Manhattan Engineering Students Help Seniors at the Methodist Home
Manhattan College senior mechanical engineering students wrapped up their fall semester by helping seniors who have limited mobility at the Methodist Home for Nursing and Rehabilitation in Riverdale.
Manhattan College senior mechanical engineering students wrapped up their fall semester not with a traditional final exam, but with the creation of final projects that will benefit seniors who have limited mobility at the Methodist Home for Nursing and Rehabilitation in Riverdale.
Eight groups of students gathered in Manhattan’s Scala Academy room on Dec. 9 to present their final projects to Zella Khan-Jetter, Ph.D., chair of the mechanical engineering department, representatives from the Methodist Home, industry experts and fellow classmates. The products all vary in size, shape and function and include: an exercise band, a pump that enables residents to fill a glass of water from their bedside pitcher, multiple indoor and outdoor gardening tables, an assisted booster chair, an arcade basketball game, and a thera-band adjustable work frame. In addition, all of the products adhere to the Americans with Disabilities Act (ADA) regulations.
“I think the biggest lesson for the students is that they can use their skills, their engineering background and their education in order to do something that benefits society at large,” said Kahn-Jetter. “Giving back and using the education to provide a service that is needed is the most important thing.”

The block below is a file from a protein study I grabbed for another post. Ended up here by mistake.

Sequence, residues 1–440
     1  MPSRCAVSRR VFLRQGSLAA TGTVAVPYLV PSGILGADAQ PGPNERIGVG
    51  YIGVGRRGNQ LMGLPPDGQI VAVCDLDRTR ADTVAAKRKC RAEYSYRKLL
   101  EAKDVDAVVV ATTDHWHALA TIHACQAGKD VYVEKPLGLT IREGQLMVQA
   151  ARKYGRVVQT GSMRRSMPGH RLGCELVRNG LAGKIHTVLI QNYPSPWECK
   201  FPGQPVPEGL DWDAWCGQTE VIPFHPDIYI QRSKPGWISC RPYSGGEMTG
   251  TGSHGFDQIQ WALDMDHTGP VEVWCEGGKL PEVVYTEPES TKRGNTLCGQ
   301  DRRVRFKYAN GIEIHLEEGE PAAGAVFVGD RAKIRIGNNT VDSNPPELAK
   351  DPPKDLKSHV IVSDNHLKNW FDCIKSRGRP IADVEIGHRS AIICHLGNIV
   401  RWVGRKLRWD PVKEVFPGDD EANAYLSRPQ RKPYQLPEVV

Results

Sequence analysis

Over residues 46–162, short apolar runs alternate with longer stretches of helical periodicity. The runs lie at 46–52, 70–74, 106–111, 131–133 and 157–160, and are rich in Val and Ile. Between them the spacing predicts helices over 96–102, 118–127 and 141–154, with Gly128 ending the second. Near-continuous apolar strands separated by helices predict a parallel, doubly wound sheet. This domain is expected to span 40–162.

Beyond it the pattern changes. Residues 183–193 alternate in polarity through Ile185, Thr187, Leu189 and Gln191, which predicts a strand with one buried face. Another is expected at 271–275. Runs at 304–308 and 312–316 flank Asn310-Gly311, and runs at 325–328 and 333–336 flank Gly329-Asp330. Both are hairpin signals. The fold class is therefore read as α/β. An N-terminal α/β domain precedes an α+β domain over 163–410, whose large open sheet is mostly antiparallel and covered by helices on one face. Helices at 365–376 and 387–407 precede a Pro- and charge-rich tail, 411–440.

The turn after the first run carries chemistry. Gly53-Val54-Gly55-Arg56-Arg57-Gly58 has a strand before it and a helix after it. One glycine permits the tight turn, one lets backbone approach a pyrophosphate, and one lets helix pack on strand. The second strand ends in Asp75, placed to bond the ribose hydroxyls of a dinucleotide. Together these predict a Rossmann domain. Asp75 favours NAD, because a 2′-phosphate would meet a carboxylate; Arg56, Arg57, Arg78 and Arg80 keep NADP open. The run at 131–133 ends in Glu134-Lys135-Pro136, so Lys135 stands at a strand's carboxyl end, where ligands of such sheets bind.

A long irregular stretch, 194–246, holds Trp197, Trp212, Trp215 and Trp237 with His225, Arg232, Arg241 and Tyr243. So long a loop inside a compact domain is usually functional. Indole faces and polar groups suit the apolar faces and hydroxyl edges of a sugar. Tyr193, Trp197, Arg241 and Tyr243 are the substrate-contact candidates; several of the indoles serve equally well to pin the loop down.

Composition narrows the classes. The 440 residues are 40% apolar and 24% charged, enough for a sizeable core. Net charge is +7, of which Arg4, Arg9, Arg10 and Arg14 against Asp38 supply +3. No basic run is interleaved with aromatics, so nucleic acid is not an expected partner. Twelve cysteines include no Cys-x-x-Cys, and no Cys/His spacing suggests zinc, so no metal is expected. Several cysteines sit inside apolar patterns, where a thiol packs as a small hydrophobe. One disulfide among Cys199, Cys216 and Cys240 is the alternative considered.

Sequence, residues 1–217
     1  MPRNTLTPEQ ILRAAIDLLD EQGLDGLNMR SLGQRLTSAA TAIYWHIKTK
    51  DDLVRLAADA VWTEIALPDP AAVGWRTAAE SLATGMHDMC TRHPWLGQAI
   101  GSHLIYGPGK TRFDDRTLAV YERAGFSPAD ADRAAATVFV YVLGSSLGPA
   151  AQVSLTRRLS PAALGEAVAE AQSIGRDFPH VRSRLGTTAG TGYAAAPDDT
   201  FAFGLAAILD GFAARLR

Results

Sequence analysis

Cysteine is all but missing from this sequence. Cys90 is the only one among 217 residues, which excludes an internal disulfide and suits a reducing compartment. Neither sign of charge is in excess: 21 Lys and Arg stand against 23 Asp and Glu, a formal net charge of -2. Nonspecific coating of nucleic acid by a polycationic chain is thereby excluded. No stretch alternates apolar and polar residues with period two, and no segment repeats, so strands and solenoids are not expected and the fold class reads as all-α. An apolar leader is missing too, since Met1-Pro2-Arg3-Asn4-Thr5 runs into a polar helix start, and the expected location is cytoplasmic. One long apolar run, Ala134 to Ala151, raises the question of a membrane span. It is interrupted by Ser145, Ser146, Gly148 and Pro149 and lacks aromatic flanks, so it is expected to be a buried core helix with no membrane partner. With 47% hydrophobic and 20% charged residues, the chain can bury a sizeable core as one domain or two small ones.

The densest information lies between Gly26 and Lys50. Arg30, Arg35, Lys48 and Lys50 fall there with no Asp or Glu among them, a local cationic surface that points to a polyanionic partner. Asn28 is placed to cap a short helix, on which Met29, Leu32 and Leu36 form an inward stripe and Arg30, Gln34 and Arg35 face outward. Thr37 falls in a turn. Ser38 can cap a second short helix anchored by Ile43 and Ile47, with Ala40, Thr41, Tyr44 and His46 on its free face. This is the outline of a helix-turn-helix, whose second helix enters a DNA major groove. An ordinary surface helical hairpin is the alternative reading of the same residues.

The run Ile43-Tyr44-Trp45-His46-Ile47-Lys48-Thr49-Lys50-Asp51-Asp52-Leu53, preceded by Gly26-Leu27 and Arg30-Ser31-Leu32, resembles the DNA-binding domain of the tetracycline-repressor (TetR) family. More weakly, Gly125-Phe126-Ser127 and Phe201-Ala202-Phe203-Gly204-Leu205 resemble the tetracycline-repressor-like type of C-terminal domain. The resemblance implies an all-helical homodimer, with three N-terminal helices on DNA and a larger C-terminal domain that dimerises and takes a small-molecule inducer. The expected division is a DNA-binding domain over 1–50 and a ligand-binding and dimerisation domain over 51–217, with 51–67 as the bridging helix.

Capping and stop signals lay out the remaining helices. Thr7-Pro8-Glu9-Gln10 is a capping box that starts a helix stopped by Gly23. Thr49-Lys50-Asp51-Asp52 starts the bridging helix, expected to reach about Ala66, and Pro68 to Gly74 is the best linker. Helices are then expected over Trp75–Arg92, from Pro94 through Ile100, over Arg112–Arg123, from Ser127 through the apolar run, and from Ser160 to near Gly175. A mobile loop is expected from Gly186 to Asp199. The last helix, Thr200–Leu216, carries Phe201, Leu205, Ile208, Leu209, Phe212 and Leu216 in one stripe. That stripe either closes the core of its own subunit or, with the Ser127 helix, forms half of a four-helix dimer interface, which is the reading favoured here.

Manhattan College and the Methodist Home’s joint partnership launched in 2009 as an opportunity to provide Manhattan mechanical engineering students with a real-life customer and a capstone course for seniors. Last year’s graduates donated four projects for the Methodist Home, two of which can be found in the home. In order for this year’s class to learn more about Methodist Home, Kahn-Jetter organized a visit for students with Jo Ann Landers, director of marketing and development for the home, the first week of the fall semester, so they could meet the residents and learn more about the facility and requirements.
“This isn’t some test in any given course. We’re actually building something that will help people,” said Zachariah Price, a senior mechanical engineering student, whose group designed an indoor gardening table that is specifically made to grow African Violets, a favorite flower of the residents in the Methodist Home.